Advantages of Cloud Computing for Data Analytics
If we look back over the past two or three decades, the growth in digital data has been driven by the spread of transactional IT systems. Every function in an organization today is likely to be supported by their own specialized IT applications.
The arrival of Management Information Systems (MIS) meant that data volumes were doubled as we took a second copy of the transactional data—one data copy for the transactional system, and an additional copy for the MIS reporting tool.
But now the Internet of Things is driving exponential data growth, and this new phase of data growth is not limited by the number of IT users and the numbers of IT applications. The new sources of raw data have driven the development of new database technologies, such as Hadoop, and new data analytics tools.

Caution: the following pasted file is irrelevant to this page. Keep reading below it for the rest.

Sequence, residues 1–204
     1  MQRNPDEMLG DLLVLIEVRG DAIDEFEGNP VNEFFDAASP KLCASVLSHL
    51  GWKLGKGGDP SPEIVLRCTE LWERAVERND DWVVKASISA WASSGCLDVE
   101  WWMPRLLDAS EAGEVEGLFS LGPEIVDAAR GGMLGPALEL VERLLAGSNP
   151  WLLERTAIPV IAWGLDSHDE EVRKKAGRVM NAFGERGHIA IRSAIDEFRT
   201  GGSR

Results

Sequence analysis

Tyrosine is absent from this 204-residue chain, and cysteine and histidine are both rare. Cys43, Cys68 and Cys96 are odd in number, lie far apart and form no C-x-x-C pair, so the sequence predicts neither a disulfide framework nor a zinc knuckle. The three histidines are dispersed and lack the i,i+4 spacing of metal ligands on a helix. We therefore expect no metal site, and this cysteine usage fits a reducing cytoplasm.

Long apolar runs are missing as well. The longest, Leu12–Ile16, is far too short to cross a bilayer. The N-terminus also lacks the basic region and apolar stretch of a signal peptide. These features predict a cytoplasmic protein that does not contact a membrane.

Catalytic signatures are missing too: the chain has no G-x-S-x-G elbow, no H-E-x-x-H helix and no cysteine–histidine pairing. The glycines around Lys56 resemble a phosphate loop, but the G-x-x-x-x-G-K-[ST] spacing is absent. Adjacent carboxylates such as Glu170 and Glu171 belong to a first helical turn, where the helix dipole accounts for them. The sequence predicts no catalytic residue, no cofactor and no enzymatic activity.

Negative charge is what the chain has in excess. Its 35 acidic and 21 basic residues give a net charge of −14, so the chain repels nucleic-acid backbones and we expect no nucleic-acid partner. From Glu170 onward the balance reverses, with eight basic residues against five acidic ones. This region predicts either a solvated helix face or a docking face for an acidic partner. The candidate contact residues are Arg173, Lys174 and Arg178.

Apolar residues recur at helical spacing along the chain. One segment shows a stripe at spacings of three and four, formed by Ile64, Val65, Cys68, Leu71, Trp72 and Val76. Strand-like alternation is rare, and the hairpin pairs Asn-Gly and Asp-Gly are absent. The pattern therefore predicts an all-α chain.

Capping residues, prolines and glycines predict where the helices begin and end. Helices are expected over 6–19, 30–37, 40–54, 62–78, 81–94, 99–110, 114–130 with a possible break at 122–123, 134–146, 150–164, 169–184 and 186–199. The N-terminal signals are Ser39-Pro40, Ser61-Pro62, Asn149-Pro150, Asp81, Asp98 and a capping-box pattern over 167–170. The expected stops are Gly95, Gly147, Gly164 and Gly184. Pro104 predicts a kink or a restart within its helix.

IT departments now need to be able to scale and process data at high speed; speeds that strain the conventional processes involved in running in-house datacenters. And new Open Source data analytics tools are being rapidly developed to complement the existing data analytics tools that are available. In order to achieve rapid scalability for data, and providing hosting for data analytics tools (open source and proprietary), the most logical option available is cloud computing.
It is unlikely that large organizations will place 100 percent of their IT data processing in the cloud, but the majority is likely to transition to cloud computing, especially in the case of data analytics.
Challenges Using Data Analytics